Tired old queens bringing up aids in 80s threads. How silly of them!
What do you think the 80s were like for gay men...just Ray Bans and Fiorucci?
I love the era of music when MTV first started through to Thriller...
It was like a small American Grafitti.
Bringing up the '80s without mentioning Reagan and AIDS is like referencing the '40s and not saying anything about that whole Hitler thing.
"It never fails you can never have a decent 80s thread without all the same tired old queens bringing up Regean and AIDS"
"Regean" and AIDS were a huge part of the eighties, you stupid little shit. Fuck you, you pathetic little dumbass twink!
Nice post, R112/R113
[quote]there were many goods bands and singers in the 1980s but there plenty of completely shit ones, and the completely shit ones were the ones that were markted much more heavily.
Prime example being The Knack. Huge amount of marketing put behind them and they were practically a one-hit wonder. Devo were crap too: an example of a US band trying to be an English band, but what looks eccentric on the Pet Shop Boys just looks lame on them.
>>it was a defining moment for freaks & geeks, to stand together and fight back, and above all, to invert the social order and make being an outsider the cool thing to be.
Indeed. Thank you, DEVO, Gary Numan, Robert Smith..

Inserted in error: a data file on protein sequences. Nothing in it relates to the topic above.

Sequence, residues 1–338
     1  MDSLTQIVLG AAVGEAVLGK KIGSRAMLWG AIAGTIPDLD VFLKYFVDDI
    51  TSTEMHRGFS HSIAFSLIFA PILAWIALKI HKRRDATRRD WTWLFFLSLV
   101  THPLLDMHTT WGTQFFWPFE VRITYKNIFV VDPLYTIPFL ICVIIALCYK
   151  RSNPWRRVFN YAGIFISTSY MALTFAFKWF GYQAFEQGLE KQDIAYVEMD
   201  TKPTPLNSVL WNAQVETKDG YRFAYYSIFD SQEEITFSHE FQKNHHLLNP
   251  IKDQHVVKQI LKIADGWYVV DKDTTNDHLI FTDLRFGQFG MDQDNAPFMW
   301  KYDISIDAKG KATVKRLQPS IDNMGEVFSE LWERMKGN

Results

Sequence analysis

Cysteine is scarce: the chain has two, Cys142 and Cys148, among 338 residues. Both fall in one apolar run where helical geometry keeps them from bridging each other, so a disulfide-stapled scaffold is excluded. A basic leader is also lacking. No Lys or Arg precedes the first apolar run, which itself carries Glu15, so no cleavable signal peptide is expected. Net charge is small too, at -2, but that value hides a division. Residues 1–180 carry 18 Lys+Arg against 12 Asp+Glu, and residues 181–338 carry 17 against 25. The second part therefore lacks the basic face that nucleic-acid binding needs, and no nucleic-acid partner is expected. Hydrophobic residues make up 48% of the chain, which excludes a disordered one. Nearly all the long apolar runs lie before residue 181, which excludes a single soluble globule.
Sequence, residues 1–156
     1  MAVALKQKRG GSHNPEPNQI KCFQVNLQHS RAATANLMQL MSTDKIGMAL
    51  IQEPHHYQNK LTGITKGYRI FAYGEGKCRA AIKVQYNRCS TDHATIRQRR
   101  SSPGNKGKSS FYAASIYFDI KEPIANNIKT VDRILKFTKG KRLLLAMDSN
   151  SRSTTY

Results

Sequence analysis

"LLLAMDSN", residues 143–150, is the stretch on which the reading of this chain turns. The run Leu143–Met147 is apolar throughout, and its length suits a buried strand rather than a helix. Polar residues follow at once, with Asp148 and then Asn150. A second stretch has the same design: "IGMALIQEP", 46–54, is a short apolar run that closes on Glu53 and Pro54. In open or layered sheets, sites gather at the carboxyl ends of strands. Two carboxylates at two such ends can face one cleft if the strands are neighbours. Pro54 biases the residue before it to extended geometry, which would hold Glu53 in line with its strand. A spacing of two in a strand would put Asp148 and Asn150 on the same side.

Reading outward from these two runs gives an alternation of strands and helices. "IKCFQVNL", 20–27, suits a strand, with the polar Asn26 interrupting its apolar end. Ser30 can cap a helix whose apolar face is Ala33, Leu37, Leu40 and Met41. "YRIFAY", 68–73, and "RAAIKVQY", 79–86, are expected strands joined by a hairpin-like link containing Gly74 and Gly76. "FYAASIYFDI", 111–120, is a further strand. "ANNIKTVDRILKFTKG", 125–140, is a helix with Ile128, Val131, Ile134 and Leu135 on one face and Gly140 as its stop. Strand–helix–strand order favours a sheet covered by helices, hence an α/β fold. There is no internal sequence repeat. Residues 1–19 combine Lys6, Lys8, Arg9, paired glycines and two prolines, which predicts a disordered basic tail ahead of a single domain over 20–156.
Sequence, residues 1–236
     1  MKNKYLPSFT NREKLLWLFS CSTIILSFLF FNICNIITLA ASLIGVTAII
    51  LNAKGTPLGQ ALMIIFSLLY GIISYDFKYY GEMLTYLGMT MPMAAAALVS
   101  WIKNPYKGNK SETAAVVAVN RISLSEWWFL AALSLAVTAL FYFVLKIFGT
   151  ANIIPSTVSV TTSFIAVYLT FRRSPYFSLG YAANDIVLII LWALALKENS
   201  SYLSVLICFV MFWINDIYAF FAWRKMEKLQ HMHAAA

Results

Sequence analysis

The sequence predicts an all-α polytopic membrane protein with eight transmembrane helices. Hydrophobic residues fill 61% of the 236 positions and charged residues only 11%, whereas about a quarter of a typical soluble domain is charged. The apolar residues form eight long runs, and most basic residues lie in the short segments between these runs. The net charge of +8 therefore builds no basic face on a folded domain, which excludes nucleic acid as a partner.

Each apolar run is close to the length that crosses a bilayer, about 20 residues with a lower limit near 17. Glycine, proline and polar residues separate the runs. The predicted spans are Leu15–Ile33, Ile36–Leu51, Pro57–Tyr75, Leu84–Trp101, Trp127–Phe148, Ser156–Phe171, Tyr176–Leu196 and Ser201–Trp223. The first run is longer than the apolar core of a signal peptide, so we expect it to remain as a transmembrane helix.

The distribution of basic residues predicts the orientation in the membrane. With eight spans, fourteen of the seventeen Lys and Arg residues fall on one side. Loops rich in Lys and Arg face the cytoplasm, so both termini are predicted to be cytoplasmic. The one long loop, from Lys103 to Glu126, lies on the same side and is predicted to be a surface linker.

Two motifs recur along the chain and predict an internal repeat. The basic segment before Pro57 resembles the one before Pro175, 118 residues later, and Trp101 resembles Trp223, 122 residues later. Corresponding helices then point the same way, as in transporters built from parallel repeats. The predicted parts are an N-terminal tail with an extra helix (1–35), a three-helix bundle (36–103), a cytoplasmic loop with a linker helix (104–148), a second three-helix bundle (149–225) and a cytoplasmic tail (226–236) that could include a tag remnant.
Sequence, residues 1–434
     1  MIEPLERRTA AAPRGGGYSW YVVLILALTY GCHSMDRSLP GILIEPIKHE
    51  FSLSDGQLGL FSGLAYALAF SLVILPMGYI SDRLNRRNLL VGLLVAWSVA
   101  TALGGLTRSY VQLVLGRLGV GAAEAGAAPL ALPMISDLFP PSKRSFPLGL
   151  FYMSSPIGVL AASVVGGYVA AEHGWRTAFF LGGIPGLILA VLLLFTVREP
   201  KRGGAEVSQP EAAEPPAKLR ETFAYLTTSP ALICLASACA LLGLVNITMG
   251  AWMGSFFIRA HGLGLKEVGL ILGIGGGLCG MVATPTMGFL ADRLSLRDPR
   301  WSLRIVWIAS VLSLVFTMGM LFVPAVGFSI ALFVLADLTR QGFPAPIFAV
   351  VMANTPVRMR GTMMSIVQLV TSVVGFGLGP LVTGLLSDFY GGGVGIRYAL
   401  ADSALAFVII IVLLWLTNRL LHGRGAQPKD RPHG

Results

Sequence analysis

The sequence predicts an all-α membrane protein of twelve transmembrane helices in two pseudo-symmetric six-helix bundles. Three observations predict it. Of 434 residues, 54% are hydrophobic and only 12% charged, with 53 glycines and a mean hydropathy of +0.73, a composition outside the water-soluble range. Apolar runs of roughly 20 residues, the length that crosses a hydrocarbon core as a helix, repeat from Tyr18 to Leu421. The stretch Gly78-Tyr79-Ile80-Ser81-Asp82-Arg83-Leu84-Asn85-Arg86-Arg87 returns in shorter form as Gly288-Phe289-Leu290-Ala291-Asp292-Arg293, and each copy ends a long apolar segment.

There was the broadway album, but the 1980s also has Yentl and the Don Johnson duet. Guilty was popular but awful.
Streisand was transitioning from pop diva. Some of it was great, most of it was shit.
the early 80s started with Kim Carnes and the birth of MTV.
Bette Davis Eyes transformed images of women.
Then Madonna evolved with it.
Cyndi Lauper's only mistake was Cap'n Lou Albano.
I was looking forward to getting out on my own after graduating from college in the mid-80s.
An apartment of my own, which I did get eventually, but honestly, I was scared to death of getting AIDS.
It wasn't handled properly, but it was in the news enough. In fact, all the reports talked about how the government wasn't stepping in and that just made it all the worse.
I refrained from having sex for entirely too long.
I work in the biz and saw beautiful young men who died before hitting their prime, all seemingly because they were gay.
But the soaps were still good then so I had that.
I stopped going to the baths from 1982 to 1987.
"The 80s sucked. The only people still talking about the 80s are the elders."
And you'll never know just how cool the 80s were... at least in terms of pop culture. I feel fortunate that I got to experience the 80s as a teenager and young adult. I remember when Madonna was a newcomer. I remember seeing Bjork perform with The Sugarcubes in a tiny little new wave/goth club. I remember when the Live Aid concert was an all day televised MTV live event. Keep your Lady CaCa and Bieber and unoriginal grunge, I'll take the 80s any fucking day of the year over the boring 90s and blase new millennium. The only people I feel had it better were the summer of love generation.